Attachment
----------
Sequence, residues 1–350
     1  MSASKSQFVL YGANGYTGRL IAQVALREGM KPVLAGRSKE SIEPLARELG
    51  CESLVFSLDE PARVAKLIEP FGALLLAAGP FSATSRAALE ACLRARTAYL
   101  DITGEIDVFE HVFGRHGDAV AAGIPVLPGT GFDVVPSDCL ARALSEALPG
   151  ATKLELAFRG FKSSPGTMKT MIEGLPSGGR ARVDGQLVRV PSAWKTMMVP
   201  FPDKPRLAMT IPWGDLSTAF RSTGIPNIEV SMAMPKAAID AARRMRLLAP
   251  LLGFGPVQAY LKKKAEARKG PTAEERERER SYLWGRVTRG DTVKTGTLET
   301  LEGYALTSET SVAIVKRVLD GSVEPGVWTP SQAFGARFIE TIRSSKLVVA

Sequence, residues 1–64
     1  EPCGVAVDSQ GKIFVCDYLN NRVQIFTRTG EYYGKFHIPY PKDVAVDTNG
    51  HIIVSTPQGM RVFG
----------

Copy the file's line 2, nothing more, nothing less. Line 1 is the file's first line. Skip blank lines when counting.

     1  MSASKSQFVL YGANGYTGRL IAQVALREGM KPVLAGRSKE SIEPLARELG